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3.39  ·  Rating Details ·  166 Ratings  ·  14 Reviews
...a powerful account of a vanished world...invaluable.-Newsweek

"Its contribution to our understanding of Cuban history and national temperament is no less than its immense appeal as a human testament....All the fire and dash of the Cuban character, the refusal ever to cringe or to give up, take on flesh and meaning in the reminiscences of this stubborn veteran."-Times Lit
Paperback, 224 pages
Published January 1st 1987 by Del Sol Publishing (first published 1973)
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In a time of despotism and heavy governmental censorship -- say, in Cuba in the decade after its 1959 Revolution -- how do you write stories?

With this book, Miguel Barnet founded one potential answer in what he would call the "testimonial novel". The trick is this: You (the author) interview another person, preferably an ordinary person whose voice would otherwise be considered too inconsequential for the pages of history, and you turn his/her experiences into a novel, maintaining his/her idiosy
Zach Lee
When this book is first published in 1968, Esteban Montejo is a 105-year-old former slave, but he has lived through more than abolition and the war for independence. The book is published in the wake of another Cuban revolution, this one Castro’s, and Montejo’s voice is as timely then as in the late-nineteenth century. His wisdom and recollections are based as much on his own experiences in daily life as the events that reshaped Cuba. He is not a historian in an academic sense, but rather in the ...more
Jun 14, 2009 Kim rated it liked it  ·  review of another edition
Shelves: history
This book is a collection of interviews with a Cuban man who was born enslaved, escaped and then fought in the war of independence. The interviews were conducted when he was 103-105. So he made it to after the Revolution and died at about 113.

I didnt finish the book. I actually stopped during the most interesting bit, with only about 40 pages to go. I enjoyed what I did read. It is more anthropolgy than history in the sense that these fields dont overlap. For example he talks extensively about w
Feb 02, 2008 Elsie rated it really liked it  ·  review of another edition
I'm working on my Spanish so... it might have been a 5 if I were up to the job. In the mean time it's about the problem of wanting to participate in a community when you have always separated yourself from the community you see and can't accept. The translation of the title into "Story of a Slave" is bad because Montejo is giving his story (of being a cimarron--more a 'fugitive') in contradiction to the official history of his person as slave. We talked about how testimonio is always an insurgen ...more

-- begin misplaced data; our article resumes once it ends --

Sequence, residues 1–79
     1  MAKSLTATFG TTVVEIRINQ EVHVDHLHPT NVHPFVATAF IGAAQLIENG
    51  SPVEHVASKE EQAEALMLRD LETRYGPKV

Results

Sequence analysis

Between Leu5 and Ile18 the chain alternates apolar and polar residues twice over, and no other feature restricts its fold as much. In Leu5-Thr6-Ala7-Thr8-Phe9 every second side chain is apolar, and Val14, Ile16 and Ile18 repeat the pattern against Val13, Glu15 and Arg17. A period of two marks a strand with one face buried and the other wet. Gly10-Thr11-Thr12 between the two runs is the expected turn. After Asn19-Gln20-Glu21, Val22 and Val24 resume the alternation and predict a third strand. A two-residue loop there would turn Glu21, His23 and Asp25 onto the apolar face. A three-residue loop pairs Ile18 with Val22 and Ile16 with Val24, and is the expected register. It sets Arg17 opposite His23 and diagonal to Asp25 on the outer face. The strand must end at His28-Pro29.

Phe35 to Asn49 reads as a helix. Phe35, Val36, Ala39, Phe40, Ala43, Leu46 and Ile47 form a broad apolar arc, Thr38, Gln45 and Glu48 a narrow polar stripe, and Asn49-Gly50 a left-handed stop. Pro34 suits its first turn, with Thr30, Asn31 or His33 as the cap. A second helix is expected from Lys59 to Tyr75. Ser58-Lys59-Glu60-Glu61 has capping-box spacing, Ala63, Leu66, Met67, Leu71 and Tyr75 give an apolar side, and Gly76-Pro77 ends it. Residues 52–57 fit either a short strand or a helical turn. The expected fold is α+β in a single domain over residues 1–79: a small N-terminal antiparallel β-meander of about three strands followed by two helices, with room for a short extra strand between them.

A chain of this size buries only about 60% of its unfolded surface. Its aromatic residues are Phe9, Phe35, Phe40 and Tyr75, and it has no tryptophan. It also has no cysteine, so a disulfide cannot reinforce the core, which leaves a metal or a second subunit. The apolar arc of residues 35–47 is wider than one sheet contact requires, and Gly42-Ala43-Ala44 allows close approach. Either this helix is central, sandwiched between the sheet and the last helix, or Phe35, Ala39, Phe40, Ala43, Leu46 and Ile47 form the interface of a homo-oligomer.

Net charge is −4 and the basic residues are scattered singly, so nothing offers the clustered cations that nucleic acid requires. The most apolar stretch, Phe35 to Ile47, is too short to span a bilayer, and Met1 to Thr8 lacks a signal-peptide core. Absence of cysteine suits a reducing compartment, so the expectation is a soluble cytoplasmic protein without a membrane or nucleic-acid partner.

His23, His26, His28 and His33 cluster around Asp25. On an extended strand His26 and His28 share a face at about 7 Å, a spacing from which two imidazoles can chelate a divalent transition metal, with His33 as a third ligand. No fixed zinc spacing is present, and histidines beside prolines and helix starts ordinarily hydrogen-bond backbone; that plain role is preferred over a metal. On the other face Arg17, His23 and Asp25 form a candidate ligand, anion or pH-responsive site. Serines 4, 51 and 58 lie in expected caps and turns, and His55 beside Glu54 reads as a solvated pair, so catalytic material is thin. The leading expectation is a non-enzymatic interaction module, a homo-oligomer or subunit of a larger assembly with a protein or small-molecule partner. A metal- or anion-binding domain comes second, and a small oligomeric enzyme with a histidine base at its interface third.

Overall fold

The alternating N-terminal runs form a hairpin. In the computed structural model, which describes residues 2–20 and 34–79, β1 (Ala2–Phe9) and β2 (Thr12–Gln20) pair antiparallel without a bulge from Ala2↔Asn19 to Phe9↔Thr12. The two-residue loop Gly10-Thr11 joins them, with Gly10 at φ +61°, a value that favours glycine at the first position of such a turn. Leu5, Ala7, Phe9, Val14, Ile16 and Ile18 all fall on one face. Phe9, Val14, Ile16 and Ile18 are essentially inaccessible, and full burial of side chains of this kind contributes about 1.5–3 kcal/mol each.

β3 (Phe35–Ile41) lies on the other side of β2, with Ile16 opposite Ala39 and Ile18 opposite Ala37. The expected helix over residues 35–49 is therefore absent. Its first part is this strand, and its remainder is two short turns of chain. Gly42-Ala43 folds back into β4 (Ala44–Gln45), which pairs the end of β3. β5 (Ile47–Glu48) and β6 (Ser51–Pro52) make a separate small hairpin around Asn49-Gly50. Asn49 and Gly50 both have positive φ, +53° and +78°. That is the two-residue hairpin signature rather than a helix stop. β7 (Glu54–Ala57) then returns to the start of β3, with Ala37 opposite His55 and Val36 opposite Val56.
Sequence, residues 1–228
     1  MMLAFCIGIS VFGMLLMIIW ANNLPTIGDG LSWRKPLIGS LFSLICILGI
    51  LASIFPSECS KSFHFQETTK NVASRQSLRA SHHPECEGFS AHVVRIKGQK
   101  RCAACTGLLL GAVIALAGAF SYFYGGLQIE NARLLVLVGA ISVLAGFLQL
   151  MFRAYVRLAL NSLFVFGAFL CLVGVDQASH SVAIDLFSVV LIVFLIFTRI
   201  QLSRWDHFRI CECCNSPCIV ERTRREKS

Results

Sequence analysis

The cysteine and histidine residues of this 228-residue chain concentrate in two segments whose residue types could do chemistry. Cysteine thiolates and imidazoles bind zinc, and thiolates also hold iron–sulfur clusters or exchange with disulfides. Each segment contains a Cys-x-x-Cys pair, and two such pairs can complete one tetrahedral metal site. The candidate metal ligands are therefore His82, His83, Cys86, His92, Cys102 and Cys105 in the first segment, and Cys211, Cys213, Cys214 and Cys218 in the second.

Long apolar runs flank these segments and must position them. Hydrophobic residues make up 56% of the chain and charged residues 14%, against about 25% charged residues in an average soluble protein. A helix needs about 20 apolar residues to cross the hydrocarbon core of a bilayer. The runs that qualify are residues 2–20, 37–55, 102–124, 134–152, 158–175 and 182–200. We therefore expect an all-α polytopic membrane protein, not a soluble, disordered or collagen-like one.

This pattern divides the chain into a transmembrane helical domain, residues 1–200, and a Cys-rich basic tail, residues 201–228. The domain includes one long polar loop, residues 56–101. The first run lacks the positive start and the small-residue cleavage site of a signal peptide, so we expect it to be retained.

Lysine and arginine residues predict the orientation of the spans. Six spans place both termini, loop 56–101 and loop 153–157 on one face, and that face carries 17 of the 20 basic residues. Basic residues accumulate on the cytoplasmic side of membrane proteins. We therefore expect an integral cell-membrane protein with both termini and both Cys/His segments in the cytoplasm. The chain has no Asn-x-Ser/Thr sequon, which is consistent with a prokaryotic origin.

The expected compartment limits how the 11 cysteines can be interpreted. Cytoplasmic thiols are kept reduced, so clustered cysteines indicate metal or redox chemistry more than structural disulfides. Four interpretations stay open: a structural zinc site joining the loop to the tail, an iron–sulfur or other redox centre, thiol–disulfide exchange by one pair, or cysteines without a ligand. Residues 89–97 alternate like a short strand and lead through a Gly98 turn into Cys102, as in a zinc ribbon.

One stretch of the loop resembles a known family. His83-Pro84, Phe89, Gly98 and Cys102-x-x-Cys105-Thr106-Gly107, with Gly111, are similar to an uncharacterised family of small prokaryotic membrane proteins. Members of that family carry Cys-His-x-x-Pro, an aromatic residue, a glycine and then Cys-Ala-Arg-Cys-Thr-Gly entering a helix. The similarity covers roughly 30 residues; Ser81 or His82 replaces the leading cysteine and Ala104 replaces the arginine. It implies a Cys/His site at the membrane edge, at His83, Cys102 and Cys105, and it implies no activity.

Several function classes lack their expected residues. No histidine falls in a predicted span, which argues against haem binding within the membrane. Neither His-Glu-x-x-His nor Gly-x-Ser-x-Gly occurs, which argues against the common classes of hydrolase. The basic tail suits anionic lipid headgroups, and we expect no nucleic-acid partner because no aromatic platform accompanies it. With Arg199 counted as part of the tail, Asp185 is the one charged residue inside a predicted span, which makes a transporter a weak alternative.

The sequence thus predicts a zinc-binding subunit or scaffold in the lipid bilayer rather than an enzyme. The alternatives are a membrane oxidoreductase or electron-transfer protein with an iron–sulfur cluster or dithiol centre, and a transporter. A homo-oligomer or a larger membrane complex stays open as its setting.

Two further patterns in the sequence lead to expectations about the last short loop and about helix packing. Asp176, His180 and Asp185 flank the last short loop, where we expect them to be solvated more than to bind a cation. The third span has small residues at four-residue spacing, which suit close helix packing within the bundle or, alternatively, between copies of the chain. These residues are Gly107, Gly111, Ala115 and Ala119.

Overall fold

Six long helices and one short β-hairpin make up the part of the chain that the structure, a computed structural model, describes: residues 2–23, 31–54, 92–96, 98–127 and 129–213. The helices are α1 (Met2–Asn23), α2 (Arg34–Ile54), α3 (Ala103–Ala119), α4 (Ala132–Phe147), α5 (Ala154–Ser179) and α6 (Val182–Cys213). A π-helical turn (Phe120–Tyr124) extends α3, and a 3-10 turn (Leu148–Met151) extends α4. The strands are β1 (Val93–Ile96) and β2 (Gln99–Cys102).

Aug 16, 2016 Michael rated it really liked it  ·  review of another edition
Cimarron is an essential, unparalleled document from the source: the account of an escaped slave in Cuba in the last decades of the 19th century. It is retold through the pen of Miguel Barnet, who spent 3 years taking notes from their conversations at the very end of Esteban Montejo's very long life (in 1963, he was 103 years old). Fascinating and enlightening, I'm not sure why it has never been translated into English. It's also kinda cool that the author and I share the same name.
This gets my vote for the worst book group book ever (the previous prize belonged to Saramago's Balthasar and Blimunda, another book I couldn't finish). I think maybe if the author had actually written a biography rather than what appears to be transcribing tapes, it could have been interesting. It's tedious. I read 100 pages. I quit.
Isaac Timm
As a historical source, there was slim information but very interesting information about folklore, religion and culture of Afro-Cuban's, both before and after the abolition of slavery. I also found myself liking the cranking, sometimes fiery, loner and patriot Esteban Montejo. The man was 105, so I allowed for the occasional Abe Simpson moment.
Feb 22, 2015 John rated it really liked it  ·  review of another edition
Read because it was assigned in a class I am TA-ing. Really fascinating, particularly if you have only ever read slave narratives from the United States, as I had. Actually, I know practically nothing about Cuban history in general, so this was great for a number of reasons. And the undergrads seemed to like it, as practically everybody contributed to the discussion.
Jack D
Feb 03, 2016 Jack D rated it really liked it  ·  review of another edition
This is an incredibly interesting compilation on Cuban religion, customs and culture, and history. I would recommend this book.
Mary Emily O'Hara

Leí en español para una clase sobre literatura España, y fue muy claro y fácil de entender por una estudiante y nativa hablante de ingles. ¡Perfecto!
May 23, 2008 Lindsay rated it really liked it  ·  review of another edition
Una cuenta triste pero real sobre la vida de un esclavo en las plantaciones de cana de azucar en Cuba. (A sad yet real account about the life of a slave in the sugar cane plantations in Cuba.)
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